$(cmd) cmd is executed and its output is is substituted with newlines turned into word seperators

`cmd` Same as $(cmd)

$<(cmd) cmd is executed and the output parsed as an XML document and the result is an XML expression







Single and double quotes are implemented similar to sh/bash/ksh. Text in single quotes ('text') is treated literally with no expansion and treated as one word. Text in double quotes ( "text") is variable expanded then treated as one word. Within double quotes the escape character backslash (\) can be used to remove special meaning from $ or double quotes (").



<{{ }}> are block quotes. These are treated as single quotes but are useful to quote large text with unknown content. No expansion or interpretation of the contents, and the result is treated as one word with the <{{ and }}> removed.



The shell reads commands from the string between $( and ) and the standard output from these commands may

be used as all or part of a word. Trailing newlines from the standard output are removed.



No interpretation is done on the string before the string is read, except to remove backslashes (\) used to escape other

characters.



Sets the value of variable "a" to "This is Text



Legacy "backtick" syntax is also supported.



Note that the $( cmd ) syntax can nest but the `cmd` cannot nest.





If the command is of the form $(<file) then the file is read, trailing newlines stripped and the result is a string containing the entire file.

Variable expansion is done on "file" so that the following syntax works:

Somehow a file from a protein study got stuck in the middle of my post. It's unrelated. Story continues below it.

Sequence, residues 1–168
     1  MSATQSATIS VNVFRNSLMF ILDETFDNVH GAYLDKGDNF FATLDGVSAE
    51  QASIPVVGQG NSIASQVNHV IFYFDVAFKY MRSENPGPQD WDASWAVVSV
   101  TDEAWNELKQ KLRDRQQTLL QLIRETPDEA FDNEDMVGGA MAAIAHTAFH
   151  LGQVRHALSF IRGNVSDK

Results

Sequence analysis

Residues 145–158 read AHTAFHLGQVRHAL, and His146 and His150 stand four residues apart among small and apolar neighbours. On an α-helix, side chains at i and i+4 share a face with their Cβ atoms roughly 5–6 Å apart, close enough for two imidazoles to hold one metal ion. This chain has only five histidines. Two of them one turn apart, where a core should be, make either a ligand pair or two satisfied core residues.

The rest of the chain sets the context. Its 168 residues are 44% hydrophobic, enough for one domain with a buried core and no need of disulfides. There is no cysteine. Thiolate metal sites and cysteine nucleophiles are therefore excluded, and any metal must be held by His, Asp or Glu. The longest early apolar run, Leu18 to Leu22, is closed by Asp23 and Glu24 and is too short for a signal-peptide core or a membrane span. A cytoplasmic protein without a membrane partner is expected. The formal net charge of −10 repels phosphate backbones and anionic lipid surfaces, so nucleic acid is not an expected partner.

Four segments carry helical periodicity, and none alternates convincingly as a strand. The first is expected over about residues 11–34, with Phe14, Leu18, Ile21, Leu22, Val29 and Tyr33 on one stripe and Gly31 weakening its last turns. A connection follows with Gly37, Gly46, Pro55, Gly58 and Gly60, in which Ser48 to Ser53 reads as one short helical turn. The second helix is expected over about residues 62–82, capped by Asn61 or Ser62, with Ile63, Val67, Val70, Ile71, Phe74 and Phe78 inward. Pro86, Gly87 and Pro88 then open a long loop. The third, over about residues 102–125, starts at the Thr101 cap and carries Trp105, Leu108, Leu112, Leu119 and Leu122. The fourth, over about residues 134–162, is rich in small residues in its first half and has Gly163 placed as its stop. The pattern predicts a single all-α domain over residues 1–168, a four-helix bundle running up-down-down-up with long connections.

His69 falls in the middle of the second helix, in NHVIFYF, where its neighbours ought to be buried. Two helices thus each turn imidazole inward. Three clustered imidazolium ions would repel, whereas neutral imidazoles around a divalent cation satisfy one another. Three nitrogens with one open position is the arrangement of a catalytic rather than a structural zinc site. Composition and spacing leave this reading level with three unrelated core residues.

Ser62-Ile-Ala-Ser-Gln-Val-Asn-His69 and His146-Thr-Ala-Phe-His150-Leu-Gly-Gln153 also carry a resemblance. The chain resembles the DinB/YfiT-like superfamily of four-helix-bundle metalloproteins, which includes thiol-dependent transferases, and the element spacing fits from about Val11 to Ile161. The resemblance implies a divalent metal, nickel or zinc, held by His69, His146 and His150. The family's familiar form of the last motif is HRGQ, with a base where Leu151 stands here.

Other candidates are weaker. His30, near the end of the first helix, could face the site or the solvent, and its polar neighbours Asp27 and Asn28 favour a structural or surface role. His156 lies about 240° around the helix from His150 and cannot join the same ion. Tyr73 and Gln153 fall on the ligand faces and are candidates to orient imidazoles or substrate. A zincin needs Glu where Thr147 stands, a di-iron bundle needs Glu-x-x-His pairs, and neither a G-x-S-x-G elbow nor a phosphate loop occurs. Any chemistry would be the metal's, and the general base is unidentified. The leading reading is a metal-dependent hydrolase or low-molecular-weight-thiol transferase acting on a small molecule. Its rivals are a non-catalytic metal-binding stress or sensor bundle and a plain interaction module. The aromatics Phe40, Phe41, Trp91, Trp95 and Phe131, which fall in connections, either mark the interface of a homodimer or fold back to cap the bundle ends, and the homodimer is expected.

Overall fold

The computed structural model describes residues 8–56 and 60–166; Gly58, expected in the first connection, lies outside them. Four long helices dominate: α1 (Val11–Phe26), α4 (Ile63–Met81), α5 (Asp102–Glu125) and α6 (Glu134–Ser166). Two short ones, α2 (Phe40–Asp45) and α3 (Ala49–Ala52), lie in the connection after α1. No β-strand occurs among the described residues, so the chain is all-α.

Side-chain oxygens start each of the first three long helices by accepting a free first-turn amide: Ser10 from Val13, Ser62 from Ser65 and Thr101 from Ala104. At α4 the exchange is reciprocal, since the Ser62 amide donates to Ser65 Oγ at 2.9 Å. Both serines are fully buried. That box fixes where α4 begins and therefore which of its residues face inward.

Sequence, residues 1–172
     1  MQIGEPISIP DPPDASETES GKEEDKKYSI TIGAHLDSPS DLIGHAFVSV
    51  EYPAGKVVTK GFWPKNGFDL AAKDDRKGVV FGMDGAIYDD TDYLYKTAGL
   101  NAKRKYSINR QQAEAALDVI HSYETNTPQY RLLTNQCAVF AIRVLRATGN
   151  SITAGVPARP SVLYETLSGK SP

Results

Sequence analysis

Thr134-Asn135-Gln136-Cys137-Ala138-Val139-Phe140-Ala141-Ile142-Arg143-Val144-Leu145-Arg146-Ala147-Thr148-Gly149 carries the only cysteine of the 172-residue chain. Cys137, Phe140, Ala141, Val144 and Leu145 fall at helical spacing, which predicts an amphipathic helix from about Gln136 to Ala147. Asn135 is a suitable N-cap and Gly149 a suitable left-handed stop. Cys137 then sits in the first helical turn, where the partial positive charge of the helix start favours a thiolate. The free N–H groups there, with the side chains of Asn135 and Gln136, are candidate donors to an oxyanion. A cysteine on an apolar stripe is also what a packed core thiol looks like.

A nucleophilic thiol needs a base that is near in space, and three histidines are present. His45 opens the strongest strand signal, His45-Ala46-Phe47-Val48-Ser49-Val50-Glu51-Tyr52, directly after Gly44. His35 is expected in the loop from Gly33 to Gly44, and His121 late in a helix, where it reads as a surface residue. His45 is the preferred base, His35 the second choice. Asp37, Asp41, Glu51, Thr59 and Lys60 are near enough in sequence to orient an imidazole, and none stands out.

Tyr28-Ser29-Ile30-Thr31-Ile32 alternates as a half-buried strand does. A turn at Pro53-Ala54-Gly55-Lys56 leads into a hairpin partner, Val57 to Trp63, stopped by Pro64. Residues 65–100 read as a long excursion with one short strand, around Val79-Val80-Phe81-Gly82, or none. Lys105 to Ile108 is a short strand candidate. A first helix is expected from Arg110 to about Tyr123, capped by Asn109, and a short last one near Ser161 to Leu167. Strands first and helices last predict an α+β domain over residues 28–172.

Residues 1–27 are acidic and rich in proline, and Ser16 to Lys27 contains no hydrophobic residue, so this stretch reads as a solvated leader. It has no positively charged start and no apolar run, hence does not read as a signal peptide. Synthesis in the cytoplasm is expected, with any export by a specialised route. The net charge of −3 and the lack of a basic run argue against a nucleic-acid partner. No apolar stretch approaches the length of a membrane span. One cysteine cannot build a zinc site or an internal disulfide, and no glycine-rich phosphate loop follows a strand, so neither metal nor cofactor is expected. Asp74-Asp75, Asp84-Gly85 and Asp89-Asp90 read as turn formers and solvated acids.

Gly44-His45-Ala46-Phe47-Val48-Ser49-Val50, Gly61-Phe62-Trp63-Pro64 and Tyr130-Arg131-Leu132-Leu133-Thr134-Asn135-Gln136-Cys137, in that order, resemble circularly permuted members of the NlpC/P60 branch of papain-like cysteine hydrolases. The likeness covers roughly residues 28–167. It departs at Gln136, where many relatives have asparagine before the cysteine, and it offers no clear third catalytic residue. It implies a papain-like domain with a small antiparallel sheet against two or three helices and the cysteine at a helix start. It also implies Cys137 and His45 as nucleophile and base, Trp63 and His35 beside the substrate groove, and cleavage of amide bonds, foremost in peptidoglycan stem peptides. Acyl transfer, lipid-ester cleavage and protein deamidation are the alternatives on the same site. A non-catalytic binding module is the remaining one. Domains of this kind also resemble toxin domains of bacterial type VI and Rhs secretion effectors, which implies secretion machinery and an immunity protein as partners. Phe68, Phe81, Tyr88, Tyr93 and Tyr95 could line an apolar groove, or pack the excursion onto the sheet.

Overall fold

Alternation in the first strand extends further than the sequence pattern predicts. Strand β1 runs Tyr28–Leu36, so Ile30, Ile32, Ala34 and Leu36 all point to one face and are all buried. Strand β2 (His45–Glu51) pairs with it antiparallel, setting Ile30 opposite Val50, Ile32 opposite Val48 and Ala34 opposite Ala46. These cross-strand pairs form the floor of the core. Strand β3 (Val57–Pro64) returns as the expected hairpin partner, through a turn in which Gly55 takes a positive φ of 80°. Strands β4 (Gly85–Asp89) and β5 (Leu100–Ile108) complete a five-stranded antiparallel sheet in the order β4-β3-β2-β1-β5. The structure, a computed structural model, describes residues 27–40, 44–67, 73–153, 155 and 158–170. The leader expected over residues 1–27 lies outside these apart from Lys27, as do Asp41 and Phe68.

Similar to Command Substitution, $<( command ) indicates a command which is executed and the output is parsed as an XML document.



Command is executed identically to the $(command) syntax except that the result is then parsed as an XML document and the result is an XML expression.



If the command is of the form $<(<file) then the file is read and parsed as an XML document. The resulting expression is of XML type.

Variable expansion is done on "file" so that the following syntax works:



Commands can be either builtin, internal, user defined or external commands.

Builtin commands are "special" in that they interact with the shell environment.

Internal commands implemented as a "convenience" in that they could be also implemented as

user defined commands. User defined commands are supported by creation of a jar containing

classes which implement the ICommand interface. External commands are any command (process)

outside of xmlsh. External commands are executed as seperate processes, all other commands are

executed with the JVM of xmlsh.









The core syntax for xmlsh was derived from the open source Shell Command Language syntax document. xmlsh does not follow this syntax exactly, but rather it was used as a basis.This is a synopsis of the supported syntax.example:producesUser defined functions can be invoked with either the command or the function call syntax.Builtin functions and module defined functions may only be called with the function call syntaxThis is an *expression* and may be used anywhere a word may be used, including variable assignment.Arguments are evaluated exactly like command arguments (blankspace seperated , not comma ","). Variable expansion and wildcard expansion occur in the argument list exactly like command invocaton. The resulting arguments are passed to the function, and the return value is substituted.See Function Syntax for detailsSee Also BasicSyntax

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en

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http://www.xmlsh.org/CoreSyntax

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Citation

Xmlsh staff, “xmlsh - XML Shell: Core Syntax,” Continuing Education on New Data Standards & Technologies, accessed April 17, 2021, http://metadatace.cci.drexel.edu/omeka/items/show/1780.